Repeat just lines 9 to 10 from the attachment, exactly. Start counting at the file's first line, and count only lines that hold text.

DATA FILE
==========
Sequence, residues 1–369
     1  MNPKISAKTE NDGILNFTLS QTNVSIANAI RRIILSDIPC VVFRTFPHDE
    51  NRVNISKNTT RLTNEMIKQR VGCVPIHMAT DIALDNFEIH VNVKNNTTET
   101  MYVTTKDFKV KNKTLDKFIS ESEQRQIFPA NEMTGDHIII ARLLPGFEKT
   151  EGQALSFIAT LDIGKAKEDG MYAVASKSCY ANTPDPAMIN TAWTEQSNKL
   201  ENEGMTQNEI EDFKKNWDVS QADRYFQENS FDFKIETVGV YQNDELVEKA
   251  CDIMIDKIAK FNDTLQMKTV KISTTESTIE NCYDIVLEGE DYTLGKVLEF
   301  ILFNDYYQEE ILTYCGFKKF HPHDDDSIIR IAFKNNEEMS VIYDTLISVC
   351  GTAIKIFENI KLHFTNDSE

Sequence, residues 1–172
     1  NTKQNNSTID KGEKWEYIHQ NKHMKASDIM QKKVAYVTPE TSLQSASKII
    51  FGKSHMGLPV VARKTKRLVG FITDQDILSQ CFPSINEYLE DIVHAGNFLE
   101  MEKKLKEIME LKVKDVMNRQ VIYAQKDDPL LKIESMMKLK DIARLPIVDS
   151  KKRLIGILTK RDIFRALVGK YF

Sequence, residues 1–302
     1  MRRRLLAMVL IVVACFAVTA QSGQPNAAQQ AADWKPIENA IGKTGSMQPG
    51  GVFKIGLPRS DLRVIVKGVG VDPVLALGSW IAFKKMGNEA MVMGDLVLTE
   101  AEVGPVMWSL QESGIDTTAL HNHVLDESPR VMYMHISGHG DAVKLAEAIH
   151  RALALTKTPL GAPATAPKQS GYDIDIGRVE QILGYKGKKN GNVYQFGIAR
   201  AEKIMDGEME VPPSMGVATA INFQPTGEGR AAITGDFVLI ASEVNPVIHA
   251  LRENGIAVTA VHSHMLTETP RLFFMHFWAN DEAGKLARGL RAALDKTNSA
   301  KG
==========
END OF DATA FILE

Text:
   351  GTAIKIFENI KLHFTNDSE

Sequence, residues 1–172